Jaguar, a company as famous for its growling engines as it is for gorgeous design, has committed itself to a whisper-quiet, zero-emission future with the unveiling of its new, all-electric performance SUV, the I-Pace, which will be just the first of a range of Jaguar EVs.
In a bold move that reflects how fast the company sees the transition to EVs happening, Jaguar unveiled the I-Pace concept in Los Angeles today, but says it is basically production ready and will be on the road in just over a year, with a range in excess of 500km.
Jaguar's chief designer Ian Callum - who has done a stunning job with the car's futuristic yet feasible shape and packaging - describes the I-Pace as "the most important Jaguar since the E-Type" and says it's just the start of a whole new family of vehicles.
"It's an entirely new chapter for Jaguar, and our goal is to build the most desirable EVs in the world, because one day soon most of the cars in the world will be electric, it's an inevitability," he says.
For Callum, one of the world's most admired designers, it's an exciting time, because removing the engine from the front of a car and putting it under the floor instead means a complete rewriting of the design rule book.
"I think the word of car design will change more in the next 15 years than it has in the past 100," he says, sounding genuinely excited at the prospect.
In the case of the I-Pace it allowed him to push the front seats further forward, creating more legroom in the rear.
In terms of the exterior it's also let him create a more cab-forward design, which looks simply stunning and makes even the lavishly praised F-Pace look dowdy by comparison.
"That cab-forward look is something you usually only see on exotic super cars and it's something I've been wanting to do for a long time," Callum explains.
"It's something we did with the (super car concept) C-X75, and that's really influenced this car. I think the I-Pace is more influenced by the C-X75 than the F-Pace."
Jaguar refused to consider turning the F-Pace platform into an EV, because it wanted to start from a clean-sheet of paper to take advantage of the benefits of the electric-car layout, including a centre of gravity that sits 120mm lower than a comparable internal-combustion-engined SUV.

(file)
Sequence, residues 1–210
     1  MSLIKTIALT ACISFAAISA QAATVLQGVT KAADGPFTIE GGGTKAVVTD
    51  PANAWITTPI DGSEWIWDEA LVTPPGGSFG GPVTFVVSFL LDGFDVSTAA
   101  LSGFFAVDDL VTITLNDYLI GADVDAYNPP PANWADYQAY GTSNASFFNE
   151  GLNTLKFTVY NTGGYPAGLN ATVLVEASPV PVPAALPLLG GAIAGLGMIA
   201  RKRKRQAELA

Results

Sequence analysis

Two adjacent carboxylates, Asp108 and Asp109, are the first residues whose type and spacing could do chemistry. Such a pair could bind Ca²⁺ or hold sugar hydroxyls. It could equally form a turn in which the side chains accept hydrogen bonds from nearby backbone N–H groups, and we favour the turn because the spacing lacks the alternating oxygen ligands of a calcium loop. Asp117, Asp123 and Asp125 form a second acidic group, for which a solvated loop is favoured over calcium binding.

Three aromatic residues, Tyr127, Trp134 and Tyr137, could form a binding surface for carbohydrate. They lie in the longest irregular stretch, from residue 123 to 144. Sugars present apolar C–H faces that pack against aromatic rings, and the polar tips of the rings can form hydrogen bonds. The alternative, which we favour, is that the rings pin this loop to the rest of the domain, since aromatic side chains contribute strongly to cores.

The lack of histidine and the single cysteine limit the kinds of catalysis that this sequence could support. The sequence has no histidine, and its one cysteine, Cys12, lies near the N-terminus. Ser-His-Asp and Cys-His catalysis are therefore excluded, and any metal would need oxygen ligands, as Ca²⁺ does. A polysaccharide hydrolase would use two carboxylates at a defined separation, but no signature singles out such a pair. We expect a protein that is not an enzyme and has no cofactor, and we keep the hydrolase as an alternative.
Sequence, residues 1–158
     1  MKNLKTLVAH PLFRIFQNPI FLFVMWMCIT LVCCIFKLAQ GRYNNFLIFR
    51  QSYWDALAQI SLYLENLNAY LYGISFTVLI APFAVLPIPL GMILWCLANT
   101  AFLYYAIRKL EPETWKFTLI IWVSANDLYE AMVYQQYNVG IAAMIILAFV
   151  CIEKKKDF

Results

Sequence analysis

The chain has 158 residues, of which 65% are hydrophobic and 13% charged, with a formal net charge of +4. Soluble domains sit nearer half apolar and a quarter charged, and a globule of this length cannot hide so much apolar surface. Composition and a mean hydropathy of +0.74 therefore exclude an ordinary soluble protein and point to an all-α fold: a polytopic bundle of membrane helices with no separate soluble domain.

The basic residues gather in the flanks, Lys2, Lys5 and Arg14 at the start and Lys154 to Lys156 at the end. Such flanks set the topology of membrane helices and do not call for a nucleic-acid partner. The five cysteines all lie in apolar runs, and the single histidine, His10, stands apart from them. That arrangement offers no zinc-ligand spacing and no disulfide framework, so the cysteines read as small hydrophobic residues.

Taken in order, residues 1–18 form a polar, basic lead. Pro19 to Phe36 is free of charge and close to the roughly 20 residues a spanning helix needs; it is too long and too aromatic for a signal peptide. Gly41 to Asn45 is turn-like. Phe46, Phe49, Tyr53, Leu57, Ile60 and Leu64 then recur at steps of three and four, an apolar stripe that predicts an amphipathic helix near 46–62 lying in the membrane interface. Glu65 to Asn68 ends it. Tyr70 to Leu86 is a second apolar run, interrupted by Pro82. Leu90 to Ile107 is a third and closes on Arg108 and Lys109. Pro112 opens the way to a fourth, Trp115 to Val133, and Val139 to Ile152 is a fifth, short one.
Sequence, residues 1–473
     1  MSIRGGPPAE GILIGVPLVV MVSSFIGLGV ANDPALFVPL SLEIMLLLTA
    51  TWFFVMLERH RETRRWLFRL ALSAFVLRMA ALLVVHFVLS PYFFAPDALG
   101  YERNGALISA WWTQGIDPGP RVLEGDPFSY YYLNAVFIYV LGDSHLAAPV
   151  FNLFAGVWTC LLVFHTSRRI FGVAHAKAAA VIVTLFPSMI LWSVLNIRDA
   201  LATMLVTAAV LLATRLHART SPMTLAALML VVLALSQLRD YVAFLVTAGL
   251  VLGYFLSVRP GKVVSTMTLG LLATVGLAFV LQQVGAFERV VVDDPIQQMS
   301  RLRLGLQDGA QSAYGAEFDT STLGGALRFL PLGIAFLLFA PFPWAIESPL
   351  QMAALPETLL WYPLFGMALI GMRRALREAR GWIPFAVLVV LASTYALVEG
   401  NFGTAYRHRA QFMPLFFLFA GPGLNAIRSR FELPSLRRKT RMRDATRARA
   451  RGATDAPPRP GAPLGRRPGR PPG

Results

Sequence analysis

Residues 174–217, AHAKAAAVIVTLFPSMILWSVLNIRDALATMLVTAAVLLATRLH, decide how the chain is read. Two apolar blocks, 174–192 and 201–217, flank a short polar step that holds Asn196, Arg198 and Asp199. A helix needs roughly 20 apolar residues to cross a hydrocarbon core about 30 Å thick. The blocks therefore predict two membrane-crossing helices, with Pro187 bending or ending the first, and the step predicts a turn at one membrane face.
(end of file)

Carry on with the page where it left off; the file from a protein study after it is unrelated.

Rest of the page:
The underpinnings it has come up with - an electric motor between each wheel, each making 150kW an 350Nm, for a total torque figure that's the same as an F-Type SVR - can easily be adapted to the other body styles that are set to follow.
The car's chief engineer, Ian Hoban, says the huge global demand for SUVs meant that Jaguar's first EV foray had to be a soft-roader, rather than an electric F-Type, but he was at pains to point out that it's a performance SUV, with a 0 to 100km/h time of around four seconds.
"It's not just about being an EV it's about being a Jaguar, it has to do everything a Jaguar has to do, whether it's refinement, dynamics or handling, and we're comfortable this car will have the right level of performance to be a Jaguar," Hoban says.
"Electric cars have instant torque, and no drop off in acceleration as there are no gears. This is going to be a quick car.
"As far as being an SUV, It's a market thing, look at the market, look where SUVs are, look at the people who are buying cars. It's about volume, we make no bones about that.
"It's also very exciting to be the first in this space, and it's where Jaguar needs to be, because we innovate, that's what we do."
The company acknowledges that Tesla is its closest rival, but says it didn't specifically set out to compete with them.
Jaguar says the pricing of the I-Pace will be market dependent, but buyers - who can already log on to the Jaguar website and pre-order by clicking a button that says "I WANT ONE" - should expect to pay 10 to 15 per cent more than an equivalent F-Pace.
Jaguar Australia, however, says that our unique system of taxes, and the fact that the Australian government offers no incentives to buyers of EVs, means the price could potentially be higher Down Under.
The company's local arm is also talking to various providers about wall-chargers, which can give the I-Pace the one full charge it would need for a typical week's commuting overnight.
"A wall-box charger is what we think 90 per cent of owners would use, 90 per cent of the time," says Jaguar Australia spokesman Tim Krieger.
The big question for Ian Callum, and all the people at Jaguar, of course, is how do you put the true spirit of Jaguar into a car that doesn't come with a roaring exhaust, or indeed an exhaust at all?
"The spirit comes out in other ways; it's quick, it's agile, it's great to drive. Maybe we will have soundtracks one day, we might get into downloading them," he says.
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